Contending With The Internet As Medium And Infrastructure: A Review of “I Was Raised on the Internet” at the Museum of Contemporary Art

Amalia Ulman, “Excellences & Perfections (Instagram Update, 5th September 2014)”, 2014; Collection of Rodney D. Lubeznik and Susan D. Goodman /Courtesy of the artist and Arcadia Missa.

The internet has seeped into every part of our daily existence. Even when regions, spaces or communities are not part of a global network, they are still governed by networked technologies. Taking up the Museum of Contemporary Art Chicago’s largest galleries, “I Was Raised on the Internet” features photography, sculpture, virtual reality and interactive multimedia installation of more than one-hundred artworks from 1998 to the present.

Organized into five sections—“Look at Me,” “Touch Me,” “Control Me,” “Play with Me” and “Sell Me Out”—the titles of the sections reduce the subject of the internet to catchphrases while simultaneously illustrating the mass codification brought on by the internet as an increasingly rapid communication medium. “Look at Me” explores the performance of identity through social media; “Touch Me” reflects on the fluid translation from physical spaces into digital spaces; “Control Me” addresses the totalitarian application of surveillance and data collection by the nation-state; “Play with Me” features interactive technologies where the audiences’ bodily interaction serves as the key function and “Sell Me Out” focuses on brand identity, specifically corporate privatization and monetization through brand identity and marketing strategies.

Hito Steyerl, “Factory of the Sun,” 2015. Image CC 4.0 Hito Steyerl/Image courtesy of the Artist and Andrew Kreps Gallery, New York.

In “Sell Me Out,” Hito Steyerl’s “Factory of the Sun”(2015) is a multimedia installation which features a screening room modeled after “Tron,” the 1982 video game, the neon-blue grid defining an otherwise pitch-black space from the ceiling to the floor. Sun loungers and beach chairs face the freestanding projection architecture, lulling viewers into a sense of comfort while the twenty-three-minute video loops. The video work explores the potential offered by both invisibility and visibility by connecting the genres of news reporting, documentary film, video games and viral dance footage within the domain of the global flow of a circulated image. Steyerl has written that “cameras now ‘drain away your life… In fact, it is a misunderstanding that cameras are tools of representations; they are at present tools of disappearance.'” In the fictional game world of the “Factory of the Sun,” Deutsche Bank has sped up sun’s energy production and conducted state violence on anti-sun-accelerationist protestors. The workers are forced to create sunlight in motion-capture studios, drawing parallels between relentless capitalist production, the drudgery of neoliberal labor and those who speak out against state repression.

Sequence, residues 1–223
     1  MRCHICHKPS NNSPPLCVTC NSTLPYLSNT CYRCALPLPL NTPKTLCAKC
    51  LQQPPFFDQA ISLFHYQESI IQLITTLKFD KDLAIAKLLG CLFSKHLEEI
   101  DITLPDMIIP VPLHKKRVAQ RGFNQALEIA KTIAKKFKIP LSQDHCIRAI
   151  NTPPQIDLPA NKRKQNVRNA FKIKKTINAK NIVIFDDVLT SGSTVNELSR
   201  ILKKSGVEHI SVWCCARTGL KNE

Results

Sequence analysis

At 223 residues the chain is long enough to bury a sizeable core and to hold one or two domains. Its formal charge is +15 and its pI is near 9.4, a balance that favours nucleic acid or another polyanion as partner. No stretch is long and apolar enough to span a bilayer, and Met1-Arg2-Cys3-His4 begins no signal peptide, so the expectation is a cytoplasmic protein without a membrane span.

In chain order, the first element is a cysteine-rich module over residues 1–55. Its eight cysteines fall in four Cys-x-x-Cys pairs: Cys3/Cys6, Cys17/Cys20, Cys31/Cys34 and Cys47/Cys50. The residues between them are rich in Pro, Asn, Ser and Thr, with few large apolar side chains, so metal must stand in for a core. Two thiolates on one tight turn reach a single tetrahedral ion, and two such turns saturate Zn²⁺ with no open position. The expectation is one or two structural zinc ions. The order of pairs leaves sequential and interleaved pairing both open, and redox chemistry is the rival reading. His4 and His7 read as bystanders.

In “Premium Connect” (2016), Tabita Rezaire’s thirteen-minute HD video references histories of African mysticism and divination not uncommon to network infrastructures that make the present-day internet. Purple LED lights lend the HD television screen an ethereal glow, referencing a portal to another realm of being. Rezaire’s work considers the “rich history of African divination systems between the living and the dead” and casts the myriad network of tree roots as the first “internet.” In the video, mystic elders guide and question the viewer regarding commonly held beliefs regarding social networks. She asks, “how to connect to people, to oneself, to the earth, and the universe without feeling like shit?” Simultaneously, Rezaire refers to plant ancestors and adds, “plants communicate to each other. They rely on network of fungi to share energy, information and sustain themselves,” illustrating real-world networks of living organisms. What is exciting about Rezaire’s video is its ability to hold both digital and physical matter in communion without perpetuating a hierarchical model that poses nature as ancient and technology as always modern.

Cao Fei, “COSplayers,” 2004/Courtesy of the artist and Vitamin Creative Space

Also included is an online platform available at a kiosk and over the internet. Among the featured work is American Artist’s A.I. chat application “Sandra Speaks” (2016), in which an imagined conversation regarding the death of Sandra Bland and American police brutality is facilitated with a chatbot of Sandra Bland. Bland was a twenty-eight-year-old African-American woman who was found dead in jail on July 13, 2015, in Waller, Texas, after three days of being imprisoned on a minor traffic violation. Her death was ruled a suicide, even though the circumstance of her passing was highly suspicious. The title references Bland’s own Facebook project where she would post reading lists of black history and videos addressing racial inequity—posts that were shared virally after her death. What happened to Sandra Bland? This question makes visible America’s vicious and racist history with police brutality and disregard for black lives.

“I Was Raised on the Internet” poses the question of the internet not just as a communication medium where social media, virtual identities and corporate control take hold, but as an infrastructure that constitutes a whole new reality. The legacy of the internet’s early days as a military tool invented by DARPA remains with the ever-present nationalized surveillance of citizens. However, during the MCA’s massive exhibition, viewers are able to chart and experience the internet’s evolution through art and imagine the possibility of more fluid communication media. (Hiba Ali)

“I Was Raised On the Internet” shows through October 14 at the Museum of Contemporary Art, 220 East Chicago.

Published in Newcity Chicago